The adopted Airbus aircraft is now the sole type used by one European operator
More than seven years after the jet’s first flight, Latvian airline airBaltic has just become the world’s first all-Airbus A220 operator. The carrier ditched its workhorse De Havilland Dash 8-400s in favour of streamlining its roster to accommodate just the former Bombardier narrowbody.
The airline now fields a line-up comprising 23 A220-300s, the first of which it took delivery of exactly four years ago tomorrow on November 28, 2016.
AirBaltic was the tenth airline to place an order for the then Bombardier C Series aircraft when it signed for ten jets in December 2012. Over the next four years it added another ten examples before making a mammoth deal to purchase 30 -300s in May 2018.
Aircraft trading firm Jetcraft has been brought on board to market the sub-lease of 11 turboprops from airBaltic’s fleet of 12, which the carrier itself is leasing from Nordic Aviation Capital (NAC).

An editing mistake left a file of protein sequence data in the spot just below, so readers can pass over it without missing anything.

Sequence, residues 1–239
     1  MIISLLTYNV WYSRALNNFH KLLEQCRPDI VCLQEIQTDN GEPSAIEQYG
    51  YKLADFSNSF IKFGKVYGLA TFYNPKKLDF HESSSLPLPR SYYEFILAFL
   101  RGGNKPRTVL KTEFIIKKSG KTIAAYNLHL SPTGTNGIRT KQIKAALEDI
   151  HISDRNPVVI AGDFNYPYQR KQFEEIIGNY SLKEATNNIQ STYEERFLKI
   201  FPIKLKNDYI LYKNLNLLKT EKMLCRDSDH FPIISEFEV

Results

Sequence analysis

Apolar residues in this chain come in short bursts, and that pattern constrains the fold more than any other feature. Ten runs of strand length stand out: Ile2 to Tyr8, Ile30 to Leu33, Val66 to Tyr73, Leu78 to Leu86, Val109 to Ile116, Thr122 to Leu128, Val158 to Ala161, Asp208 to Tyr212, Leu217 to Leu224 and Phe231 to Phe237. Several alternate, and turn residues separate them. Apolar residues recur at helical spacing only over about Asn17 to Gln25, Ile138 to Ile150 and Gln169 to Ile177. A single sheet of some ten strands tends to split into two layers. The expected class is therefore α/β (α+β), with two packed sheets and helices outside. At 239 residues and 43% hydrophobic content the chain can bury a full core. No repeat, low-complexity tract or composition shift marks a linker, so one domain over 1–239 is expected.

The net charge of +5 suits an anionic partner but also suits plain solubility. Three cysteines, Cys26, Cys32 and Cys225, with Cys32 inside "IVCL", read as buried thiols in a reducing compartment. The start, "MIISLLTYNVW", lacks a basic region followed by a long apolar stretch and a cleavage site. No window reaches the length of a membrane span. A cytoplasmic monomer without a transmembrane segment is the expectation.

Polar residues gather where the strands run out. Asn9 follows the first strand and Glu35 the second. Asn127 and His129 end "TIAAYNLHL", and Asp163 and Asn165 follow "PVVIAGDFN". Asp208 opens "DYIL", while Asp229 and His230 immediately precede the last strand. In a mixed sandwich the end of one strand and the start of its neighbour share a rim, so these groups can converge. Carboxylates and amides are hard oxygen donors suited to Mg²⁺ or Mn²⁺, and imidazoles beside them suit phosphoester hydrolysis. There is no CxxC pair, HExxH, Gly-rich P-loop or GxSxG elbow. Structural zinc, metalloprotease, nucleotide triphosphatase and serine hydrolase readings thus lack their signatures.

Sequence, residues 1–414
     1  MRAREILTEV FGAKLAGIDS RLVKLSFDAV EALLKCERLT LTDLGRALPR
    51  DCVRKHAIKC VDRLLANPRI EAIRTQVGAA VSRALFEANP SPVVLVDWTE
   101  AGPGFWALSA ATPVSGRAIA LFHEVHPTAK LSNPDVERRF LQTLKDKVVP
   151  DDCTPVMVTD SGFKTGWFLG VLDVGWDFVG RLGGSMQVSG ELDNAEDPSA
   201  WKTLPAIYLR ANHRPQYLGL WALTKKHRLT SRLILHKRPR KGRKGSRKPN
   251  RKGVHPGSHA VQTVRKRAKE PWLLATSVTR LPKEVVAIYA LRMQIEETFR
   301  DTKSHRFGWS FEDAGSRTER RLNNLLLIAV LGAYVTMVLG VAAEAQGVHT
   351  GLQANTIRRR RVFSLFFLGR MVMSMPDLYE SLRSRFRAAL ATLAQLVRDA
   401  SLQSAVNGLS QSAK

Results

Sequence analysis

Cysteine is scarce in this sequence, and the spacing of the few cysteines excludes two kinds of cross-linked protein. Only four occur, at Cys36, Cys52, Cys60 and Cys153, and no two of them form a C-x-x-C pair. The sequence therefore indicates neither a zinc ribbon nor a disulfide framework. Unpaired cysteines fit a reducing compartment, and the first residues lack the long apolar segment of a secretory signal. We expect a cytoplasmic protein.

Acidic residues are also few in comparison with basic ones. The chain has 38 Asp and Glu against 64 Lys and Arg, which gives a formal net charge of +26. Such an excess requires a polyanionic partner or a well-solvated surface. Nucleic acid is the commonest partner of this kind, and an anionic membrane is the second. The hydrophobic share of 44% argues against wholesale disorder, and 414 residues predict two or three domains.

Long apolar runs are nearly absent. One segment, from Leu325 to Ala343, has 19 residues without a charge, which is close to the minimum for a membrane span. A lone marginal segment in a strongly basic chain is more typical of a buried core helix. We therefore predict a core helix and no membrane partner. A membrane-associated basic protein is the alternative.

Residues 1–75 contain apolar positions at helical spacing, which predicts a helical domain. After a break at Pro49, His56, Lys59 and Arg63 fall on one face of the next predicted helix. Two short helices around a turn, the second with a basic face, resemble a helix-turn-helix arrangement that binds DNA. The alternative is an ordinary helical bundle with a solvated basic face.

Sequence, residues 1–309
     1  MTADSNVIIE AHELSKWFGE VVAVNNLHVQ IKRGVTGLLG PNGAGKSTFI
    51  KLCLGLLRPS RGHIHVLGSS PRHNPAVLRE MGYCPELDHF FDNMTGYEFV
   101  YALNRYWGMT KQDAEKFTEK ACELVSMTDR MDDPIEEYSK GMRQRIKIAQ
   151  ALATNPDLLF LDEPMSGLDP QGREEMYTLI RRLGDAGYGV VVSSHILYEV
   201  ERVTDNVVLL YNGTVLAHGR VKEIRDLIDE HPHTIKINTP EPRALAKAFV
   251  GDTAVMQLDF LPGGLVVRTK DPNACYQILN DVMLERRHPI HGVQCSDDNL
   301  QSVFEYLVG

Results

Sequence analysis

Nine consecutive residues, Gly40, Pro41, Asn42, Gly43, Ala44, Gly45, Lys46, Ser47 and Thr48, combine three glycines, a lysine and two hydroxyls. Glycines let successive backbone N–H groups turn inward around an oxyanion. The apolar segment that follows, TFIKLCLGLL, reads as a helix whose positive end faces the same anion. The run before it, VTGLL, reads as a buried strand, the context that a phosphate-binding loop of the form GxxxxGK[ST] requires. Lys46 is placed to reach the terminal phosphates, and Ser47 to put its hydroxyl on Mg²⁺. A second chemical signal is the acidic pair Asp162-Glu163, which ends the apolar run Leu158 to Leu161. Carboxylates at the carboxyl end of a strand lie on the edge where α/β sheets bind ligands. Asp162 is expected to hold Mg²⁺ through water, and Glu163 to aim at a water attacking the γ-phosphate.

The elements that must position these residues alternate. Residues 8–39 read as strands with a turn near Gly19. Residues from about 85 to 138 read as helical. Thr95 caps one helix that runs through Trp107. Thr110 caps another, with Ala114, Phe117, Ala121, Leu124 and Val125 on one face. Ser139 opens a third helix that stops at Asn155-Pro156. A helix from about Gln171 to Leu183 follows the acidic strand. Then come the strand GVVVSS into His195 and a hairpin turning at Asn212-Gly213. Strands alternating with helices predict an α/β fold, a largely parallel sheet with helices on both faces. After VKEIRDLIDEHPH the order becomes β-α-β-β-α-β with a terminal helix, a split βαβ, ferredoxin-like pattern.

The Canadian-built examples vary in age, between seven and ten years, but the majority were produced in 2010. Seven were delivered at the start of the decade while four were manufactured in 2013 and a single example in 2011.
Powered by two Pratt & Whitney PW150A engines, the aircraft are laid out in a 76-seat single class configuration and are available for immediate sublease.
Currently, the market for Dash 8s is not ideal for owners and lessors of the type because there are more than 50 in Europe without a home. Following the collapse of Flybe in March, 34 of its turboprops were returned to lessors. In April, Luftfahrtgesellschaft Walter – a wet-lease operator who used to fly for Eurowings – filed for insolvency and added 20 airframes to the market.
With the addition of airBaltic’s airframes, the Dash 8 leasing market is suffering from a severe case of oversupply and no clear tangible demand because of the COVID-19 pandemic.